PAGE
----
Dangerously disruptive or an untapped opportunity?

The impact of the new generation of HNWI on the wealth management industry

The rich are getting richer and the number of individuals in the high net worth category (HNWI) has grown rapidly in the past ten years. Yet, wealth management firms are struggling to convert this increased wealth into increased revenue and have seen a steady decline in profitability in recent years. 

The problem seems to stem from the fact that wealth managers are failing to keep up with the changing customer landscape. Alongside the rise of the Asian market, the biggest disrupter to traditional methods and thinking has been the growth of a new type of ultra-rich – millennials. This new generation of HNWI has been fuelled by the rise of the internet and is increasingly self-made, in contrast to previous generations. Forty-six of the world’s wealthiest people, according to Forbes, are now under 40 and their behaviour appears to defy conventional HNWI understanding.  

The Death of the Loyal Customer  

Historically, HNWI have shown great loyalty to their wealth managers. However, firms can no longer take this for granted; a third of clients have switched providers or moved assets in the past three years. This loyalty is even more sparing amongst millennials who are 29% more likely to switch than baby boomers. Those under 40 are likely to be less satisfied than their older counterparts (70% vs 73.4%) and have a lower trust in their wealth managers (54.3% vs 58.3%). These factors are causing this generation of HNWI to be far more diverse in their interactions, being much more likely to have relationships with five or more wealth management firms than those over 40 (43.2% vs 14.7%). 

These firms clearly need to reflect on who their customers are, what drives loyalty, what their needs and expectations are, and how they can adapt their business model to attract and retain these customers.

The question wealth managers therefore need to answer is: what does the new generation of HNWI want?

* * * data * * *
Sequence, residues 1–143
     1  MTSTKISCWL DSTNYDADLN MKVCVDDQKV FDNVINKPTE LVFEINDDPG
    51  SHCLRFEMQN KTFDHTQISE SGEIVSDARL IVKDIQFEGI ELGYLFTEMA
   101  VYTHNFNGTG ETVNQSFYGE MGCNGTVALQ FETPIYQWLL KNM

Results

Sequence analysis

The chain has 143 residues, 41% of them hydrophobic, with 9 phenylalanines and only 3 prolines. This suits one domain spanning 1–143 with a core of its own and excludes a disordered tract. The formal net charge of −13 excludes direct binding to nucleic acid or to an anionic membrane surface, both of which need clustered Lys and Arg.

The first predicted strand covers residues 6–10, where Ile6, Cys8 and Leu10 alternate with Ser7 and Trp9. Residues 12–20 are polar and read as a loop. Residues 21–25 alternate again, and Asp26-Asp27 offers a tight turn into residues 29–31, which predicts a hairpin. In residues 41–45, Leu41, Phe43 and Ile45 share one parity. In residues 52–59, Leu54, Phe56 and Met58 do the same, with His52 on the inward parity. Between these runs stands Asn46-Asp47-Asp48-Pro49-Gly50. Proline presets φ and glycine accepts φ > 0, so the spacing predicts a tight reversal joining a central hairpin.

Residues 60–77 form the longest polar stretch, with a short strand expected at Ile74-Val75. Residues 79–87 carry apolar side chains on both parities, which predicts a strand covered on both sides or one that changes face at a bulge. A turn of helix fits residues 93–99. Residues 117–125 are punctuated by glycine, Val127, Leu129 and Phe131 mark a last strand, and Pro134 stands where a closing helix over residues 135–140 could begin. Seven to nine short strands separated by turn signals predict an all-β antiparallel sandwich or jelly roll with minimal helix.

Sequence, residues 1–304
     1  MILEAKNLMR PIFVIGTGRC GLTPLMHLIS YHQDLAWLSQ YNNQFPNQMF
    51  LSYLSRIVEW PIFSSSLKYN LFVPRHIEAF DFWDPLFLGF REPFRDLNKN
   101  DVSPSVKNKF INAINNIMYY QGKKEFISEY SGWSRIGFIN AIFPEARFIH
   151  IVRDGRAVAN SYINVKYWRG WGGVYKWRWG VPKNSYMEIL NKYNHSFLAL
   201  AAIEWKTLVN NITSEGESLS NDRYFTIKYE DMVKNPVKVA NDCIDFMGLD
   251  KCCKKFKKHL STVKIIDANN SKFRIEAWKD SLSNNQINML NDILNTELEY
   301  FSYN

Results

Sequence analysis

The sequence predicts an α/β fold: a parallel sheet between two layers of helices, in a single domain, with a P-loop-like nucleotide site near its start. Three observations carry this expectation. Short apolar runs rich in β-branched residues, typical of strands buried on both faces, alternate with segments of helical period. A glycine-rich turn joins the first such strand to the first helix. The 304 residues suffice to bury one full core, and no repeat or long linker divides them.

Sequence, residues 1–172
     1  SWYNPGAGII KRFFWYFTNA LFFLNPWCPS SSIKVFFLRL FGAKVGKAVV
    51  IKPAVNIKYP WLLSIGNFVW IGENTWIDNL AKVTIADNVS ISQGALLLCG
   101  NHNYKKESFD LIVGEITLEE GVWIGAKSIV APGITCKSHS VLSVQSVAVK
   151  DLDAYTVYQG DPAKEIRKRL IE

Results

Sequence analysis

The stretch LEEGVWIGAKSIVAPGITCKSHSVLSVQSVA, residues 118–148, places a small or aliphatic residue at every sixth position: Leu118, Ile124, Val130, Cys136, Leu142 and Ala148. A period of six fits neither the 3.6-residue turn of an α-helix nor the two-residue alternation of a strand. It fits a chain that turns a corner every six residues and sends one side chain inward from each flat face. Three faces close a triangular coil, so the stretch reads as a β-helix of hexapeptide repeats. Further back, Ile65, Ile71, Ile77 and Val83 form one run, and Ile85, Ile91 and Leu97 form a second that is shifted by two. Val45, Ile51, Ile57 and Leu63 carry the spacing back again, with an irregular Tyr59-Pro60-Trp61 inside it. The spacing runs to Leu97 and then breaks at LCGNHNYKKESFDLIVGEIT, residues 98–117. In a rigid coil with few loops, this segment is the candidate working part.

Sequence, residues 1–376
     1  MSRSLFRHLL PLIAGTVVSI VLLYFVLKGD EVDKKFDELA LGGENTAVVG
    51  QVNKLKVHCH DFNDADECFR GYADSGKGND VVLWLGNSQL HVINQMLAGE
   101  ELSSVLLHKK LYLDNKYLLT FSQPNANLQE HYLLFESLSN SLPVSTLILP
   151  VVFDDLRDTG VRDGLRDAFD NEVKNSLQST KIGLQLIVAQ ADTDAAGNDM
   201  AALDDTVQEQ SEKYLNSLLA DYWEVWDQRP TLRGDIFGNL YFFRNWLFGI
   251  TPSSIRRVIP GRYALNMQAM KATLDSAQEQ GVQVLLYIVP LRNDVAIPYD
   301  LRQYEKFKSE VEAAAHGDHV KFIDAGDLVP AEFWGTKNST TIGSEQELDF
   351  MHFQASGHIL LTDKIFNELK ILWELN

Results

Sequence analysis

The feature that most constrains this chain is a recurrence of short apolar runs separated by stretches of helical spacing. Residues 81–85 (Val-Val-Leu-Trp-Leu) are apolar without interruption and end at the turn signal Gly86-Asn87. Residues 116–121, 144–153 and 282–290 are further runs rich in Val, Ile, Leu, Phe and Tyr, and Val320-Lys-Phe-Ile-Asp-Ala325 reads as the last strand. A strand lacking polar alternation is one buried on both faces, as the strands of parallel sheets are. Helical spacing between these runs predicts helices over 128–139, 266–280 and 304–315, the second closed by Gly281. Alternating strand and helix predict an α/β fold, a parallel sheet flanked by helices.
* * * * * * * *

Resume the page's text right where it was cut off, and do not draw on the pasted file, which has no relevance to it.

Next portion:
Changing Expectations 

Younger HNWI have different expectations of their wealth managers compared to their older counterparts. Oliver Burns LLP explains that the new generation is led by experience rather than badge-led luxury in all elements of their finances, and wealth management is no different. They are generally more aware of what they are paying for and desire value from their wealth managers beyond simple return on investments. There is an expectation that managers should now be providing more than the traditional portfolio management and offering extended concierge-like services in some cases. They are also critical in pushing for different pricing models, with 60% of millennial HNWI indicating a desire for a new form of payment method. Their objection to the ad valorem structure is reflected in a preference for fixed-rate wealth managers. 

The Conscious Generation 

The younger generation has different investment preferences too. Lombard Odier found that 98% of young Asian HNWI and Ultra High Net Worth Individuals (UHNWI) were looking to increase their allocation of impact investments, with 3% seeking to make their portfolio impact investments-only. 

Digitally-driven 

It is the young and tech-savvy HNWI shaping the technical trends that will come to define wealth management. They are driven by a preference for digital touch points and are increasingly looking for digital channels to fulfil their needs. The Global HNW Insight Survey found that 64.2% of HNWI globally expect their future wealth management relationship to be mostly or entirely digital, with this figure rising to 82.5% amongst under 40s. How the industry encompasses the digital revolution is undefined but will likely involve mobile applications. 47.7% of under 40s stated that they wanted to transact through apps compared to just 22.5% of those over 40. Whatever form it takes, the increased digitalisation of the service must come soon, as 79.7% of under 40s say they would leave a wealth firm if they felt there was a lack of integrated channel experience. 

Conclusion 

The younger generation is more aware, more demanding and more tech-savvy than the baby boomers who have traditionally shaped wealth management services. In order to tap into this new wave of HNWI, firms must be willing to challenge the norms and begin to provide a more engaging customer experience that is no longer centred around face-to-face interactions. Increased digitalisation and use of innovative technologies including AI and blockchain should be paired with a greater focus on KYC (know your customer) thinking. Doing so will ensure the new generation of HNWI represent an opportunity rather than a challenge to the traditional wealth management firms.

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